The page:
Archive for Donovan’s Brain

Under the Microscope

Posted in FILM, Television with tags , , , , , on July 23, 2019 by dcairns

Since Felix E. Feist started his career, kind of, with the spectacular DELUGE, and later made DONOVAN’S BRAIN, which I must say doesn’t capture the brilliance of Curt Siodmak’s source novel (I always thought of Curt as a classic “idiot brother” figure until I read this one), I became curious as to whether he had a third science fiction movie under his belt. “One should always talk about doing trilogies,” as Terry Gilliam once said.

Well, he doesn’t, but if you turn to his TV work, you get several episodes of Voyage to the Bottom of the Sea, which I immediately discounted as unworthy of my, or indeed his, attention, but you also get a single episode of The Outer Limits.

I’m not a huge OL fan — I’ve never seen an episode that wouldn’t be better with a half-hour runtime. But the combination of Feist and Stefano’s anthology show seemed worth exploring.

In The Probe, a plane crashes in a hurricane, and we immediately get stock shots of model huts being blown away — maybe from Ford’s THE HURRICANE? At any rate, this harkens back cheerily to the miniature apocalypse of DELUGE, making this definite trilogy material.

It’s also crap material. The various human figures presented are just as stock as the disaster movie footage, indeed no attempt whatever to distinguish them is made. I kept expecting more of them to die, so at least they’d be individualised by manner of demise, but the show is oddly tender-hearted towards its worthless populace. Even Peggy Ann Garner, an Oscar-winner for A TREE GROWS IN BROOKLYN, evinces a difficulty in saying basic English words.

The dialogue is the worst and best thing about the episode. Worst, in that it ruins suspense by having the characters figure stuff out with impossible ease. Trapped in an alien craft, they hear a whine. “Powerful engines?” suggests one. “Atomic?” suggests another.

On the other hand, the dialogue is terrible in a much more entertaining way. The show’s best moment is when the characters, at sea in a life raft, suddenly find they’re indoors. But while the notice that their tiny craft is resting on a metallic floor, they never react to the walls, and don’t seem to notice or consider the implications of being inside an artificial structure until long minutes later. It’s as if visual decisions were made without regard to the script, and nobody considered tweaking the lines to ensure that the characters didn’t come off as mad or blind or simply acting in a different show.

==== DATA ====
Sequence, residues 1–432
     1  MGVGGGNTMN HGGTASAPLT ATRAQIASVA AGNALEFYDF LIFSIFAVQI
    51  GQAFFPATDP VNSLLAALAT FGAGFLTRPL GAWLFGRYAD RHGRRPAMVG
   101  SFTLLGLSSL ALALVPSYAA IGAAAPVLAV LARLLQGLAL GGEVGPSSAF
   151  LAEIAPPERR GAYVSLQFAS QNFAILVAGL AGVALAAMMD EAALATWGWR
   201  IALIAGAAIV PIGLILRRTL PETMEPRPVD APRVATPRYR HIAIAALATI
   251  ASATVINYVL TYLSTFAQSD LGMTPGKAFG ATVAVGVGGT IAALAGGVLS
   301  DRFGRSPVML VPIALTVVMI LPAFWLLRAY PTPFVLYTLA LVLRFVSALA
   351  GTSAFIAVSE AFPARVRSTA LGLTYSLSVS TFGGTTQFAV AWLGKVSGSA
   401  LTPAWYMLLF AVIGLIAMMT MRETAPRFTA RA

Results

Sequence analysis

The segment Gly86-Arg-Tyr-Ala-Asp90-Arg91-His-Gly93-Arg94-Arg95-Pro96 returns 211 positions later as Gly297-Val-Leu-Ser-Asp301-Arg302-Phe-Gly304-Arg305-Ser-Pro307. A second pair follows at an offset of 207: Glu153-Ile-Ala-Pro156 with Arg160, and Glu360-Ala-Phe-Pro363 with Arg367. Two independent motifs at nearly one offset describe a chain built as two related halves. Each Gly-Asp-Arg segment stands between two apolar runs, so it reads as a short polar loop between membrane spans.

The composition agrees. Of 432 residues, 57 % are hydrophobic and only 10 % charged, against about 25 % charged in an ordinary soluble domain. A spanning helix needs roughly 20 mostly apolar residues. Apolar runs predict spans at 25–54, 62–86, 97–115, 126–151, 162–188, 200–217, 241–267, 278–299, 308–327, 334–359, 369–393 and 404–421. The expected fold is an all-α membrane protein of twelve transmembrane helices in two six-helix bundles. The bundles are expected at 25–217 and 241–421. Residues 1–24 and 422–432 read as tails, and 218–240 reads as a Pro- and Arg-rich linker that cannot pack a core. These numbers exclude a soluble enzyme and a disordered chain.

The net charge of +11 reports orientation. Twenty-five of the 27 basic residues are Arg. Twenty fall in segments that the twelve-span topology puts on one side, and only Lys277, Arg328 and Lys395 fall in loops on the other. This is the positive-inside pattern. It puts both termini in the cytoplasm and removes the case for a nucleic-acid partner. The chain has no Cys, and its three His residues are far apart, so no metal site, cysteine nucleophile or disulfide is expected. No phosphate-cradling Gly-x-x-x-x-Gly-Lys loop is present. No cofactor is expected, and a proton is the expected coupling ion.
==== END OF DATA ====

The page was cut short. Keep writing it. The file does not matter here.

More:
There’s a shit monster. Almost literally.

“Take a step towards that thing,” the square-jawed commander says to his square-jawed subordinate at one point, which somehow fails to elicit the normal response, “Fuck off, YOU take a step towards it.”

Foreground miniature!

Feist blocks the action well, but there’s little of the appeal of his noirs. A really creative adaptation of DONOVAN’S BRAIN, which is a kind of noir or at least crime book, could have exploited his shadowy talents to fine effect. But since Feist is credited as a screenwriter on the resulting brainfest, we have to hold him responsible and admit that he didn’t have a lot of feeling for sci-fi.

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Empties

Posted in FILM with tags , , , , , on July 11, 2017 by dcairns

I love empty sets. They would take these stills for continuity reasons, but, like security camera footage, they always have an atmospheric quality. A little bleak, a little scary.

You may notice that the film is called DESTINY and the director is Siodmak (Robert). And you may know that no such film exists. What they were shooting was released as SON OF DRACULA, though in fact the main character is Dracula, not his son. He has no son.